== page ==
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Friday
Sep282012

September 2012 Pulmonary Journal Club

Dr. Mathew was away this month and we reviewed 4 articles.

Kelly HW, Sternberg AL, Lescher R, Fuhlbrigge AL, Williams P, Zeiger RS, Raissy HH, Van Natta ML, Tonascia J, Strunk RC; CAMP Research Group. Effect of inhaled glucocorticoids in childhood on adult height. N Engl J Med 2012;367:904-12.

The use of inhaled glucocorticoids for persistent asthma causes a temporary reduction in growth velocity in prepubertal children but it is unclear whether the child is permanently shortened or attains a normal adult height. Starting at the age of 5 to 13 years, the participants had been randomly assigned to receive 400 μg of budesonide, 16 mg of nedocromil, or placebo daily for 4 to 6 years. The authors measured adult height in 943 of 1041 participants (90.6%). Mean adult height was 1.2 cm lower the budesonide group than in the placebo group (P = 0.001) A larger daily dose of inhaled glucocorticoid in the first 2 years was associated with a lower adult height. This article is somewhat reassuring. Although there was a reduction in adult height, the decrease was minimal and not progressive or cumulative.

Wells JM, Washko GR, Han MK, et al. Pulmonary arterial enlargement and acute exacerbations of COPD. N Engl J Med 2012;367:913-21.

Exacerbations of chronic obstructive pulmonary disease (COPD) are major causes of morbidity and mortality in COPD. Severe pulmonary hypertension is an important complication of advanced COPD and predicts acute exacerbations. The authors measured pulmonary artery enlargement, as determined by a ratio of the diameter of the pulmonary artery to the diameter of the aorta [PA:A ratio] of >1) using CT scanning. Multivariate logistic-regression analysis showed a significant association between a PA:A ratio of more than 1 and a history of severe exacerbations at the time of enrollment in the trial (odds ratio, 4.78; P<0.001). A PA:A ratio of more than 1 was also independently associated with an increased risk of future severe exacerbations in both the trial cohort (odds ratio, 3.44; P<0.001). This is useful information that is biologically logical. Although performing a CT scan solely to measure a PA:A ratio is unwarranted, detection of an increased ratio might prompt one to consider therapies that reduce exacerbations such as long-acting bronchodilators and/or chronic antibiotic therapy.

Peters-Golden M, Klinger JR, Carson SS; for the ATS Research Advocacy Committee. The case for increased funding for research in pulmonary and critical care. Am J Respir Crit Care Med. 2012;186:213-215.

With the possibility of sequestration looming and the current economic and political climate, the future funding of the National Institutes of Health (NIH) and other federal biomedical research programs are threatened. This editorial reviews NIH funding in general and allocations directed at respiratory-related research. The authors advocate that is an opportune time to expand investments in biomedical research and that doing so makes sense from the perspectives of improving health, curtailing health care expenditures, job creation and economic growth. They further argue that current levels of allocation toward respiratory research are incommensurate with the medical, economic, and societal burden of respiratory disease in the United States. The editorial is of course self-serving which is why the fellows were asked to review it. They found the article quite convincing and agreed with the authors that research funding for pulmonary, critical care and sleep needs to be increased.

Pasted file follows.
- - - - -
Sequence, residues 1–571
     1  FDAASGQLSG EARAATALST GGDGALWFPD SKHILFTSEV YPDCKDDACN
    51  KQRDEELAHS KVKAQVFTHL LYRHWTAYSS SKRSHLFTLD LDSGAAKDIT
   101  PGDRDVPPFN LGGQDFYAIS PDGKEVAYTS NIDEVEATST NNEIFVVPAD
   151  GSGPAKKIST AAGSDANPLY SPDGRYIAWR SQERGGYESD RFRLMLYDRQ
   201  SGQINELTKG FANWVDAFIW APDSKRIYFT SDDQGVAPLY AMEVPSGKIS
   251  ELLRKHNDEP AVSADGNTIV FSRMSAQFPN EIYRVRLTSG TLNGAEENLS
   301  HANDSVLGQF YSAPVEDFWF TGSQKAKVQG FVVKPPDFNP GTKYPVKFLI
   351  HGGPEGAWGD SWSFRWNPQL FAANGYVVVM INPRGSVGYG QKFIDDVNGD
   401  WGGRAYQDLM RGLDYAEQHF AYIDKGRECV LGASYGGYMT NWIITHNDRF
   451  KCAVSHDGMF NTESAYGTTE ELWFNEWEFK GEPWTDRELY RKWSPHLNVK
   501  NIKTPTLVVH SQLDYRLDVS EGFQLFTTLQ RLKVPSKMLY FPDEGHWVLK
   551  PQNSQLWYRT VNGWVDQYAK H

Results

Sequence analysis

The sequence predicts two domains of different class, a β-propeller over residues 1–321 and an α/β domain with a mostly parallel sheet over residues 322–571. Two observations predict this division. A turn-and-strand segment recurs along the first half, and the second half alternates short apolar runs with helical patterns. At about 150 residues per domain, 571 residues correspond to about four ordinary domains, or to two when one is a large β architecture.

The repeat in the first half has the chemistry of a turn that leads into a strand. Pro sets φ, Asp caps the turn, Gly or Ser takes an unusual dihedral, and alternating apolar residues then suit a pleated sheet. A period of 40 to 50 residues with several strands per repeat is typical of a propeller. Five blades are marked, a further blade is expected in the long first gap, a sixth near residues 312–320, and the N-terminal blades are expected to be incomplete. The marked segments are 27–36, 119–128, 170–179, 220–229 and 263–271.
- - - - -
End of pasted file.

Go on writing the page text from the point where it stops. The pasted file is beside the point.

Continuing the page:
Hunt LM, Kreiner M, Brody H. The changing face of chronic illness management in primary care: a qualitative study of underlying influences and unintended outcomes. Ann Fam Med 2012;10:452-60.

Recently, there has been dramatic increase in the diagnosis and pharmaceutical management of common chronic illnesses. Using qualitative data collected in primary care clinics, the authors assessed how these trends play out in clinical care focusing on management of type 2 diabetes and hypertension. Based on interviews with 58 clinicians and 70 of their patients, and observations of 107 clinical consultations, clinicians focused on helping patients achieve test results recommended by national guidelines, and most reported combining 2 or more medications per condition to reach targets. Medication selection and management was the central focus of the consultations observed. Polypharmacy was common among patients, with more than one-half of the patients taking 5 or more medications. The authors discuss the influence of the pharmaceutical industry on guidelines and pay for performance and conclude that this results in polypharmacy, sometimes at the expense of patient well-being. Although the manuscript deals with primary care, the principles probably apply to the specialties of medicine and give a disturbing insight into the factors that influence medical decisions.

Richard A. Robbins, MD

Reference as: Robbins RA. September 2012 pulmonary journal club. Southwest J Pulm Crit Care 2012;5:150-1. (click here for a PDF version of the journal club)

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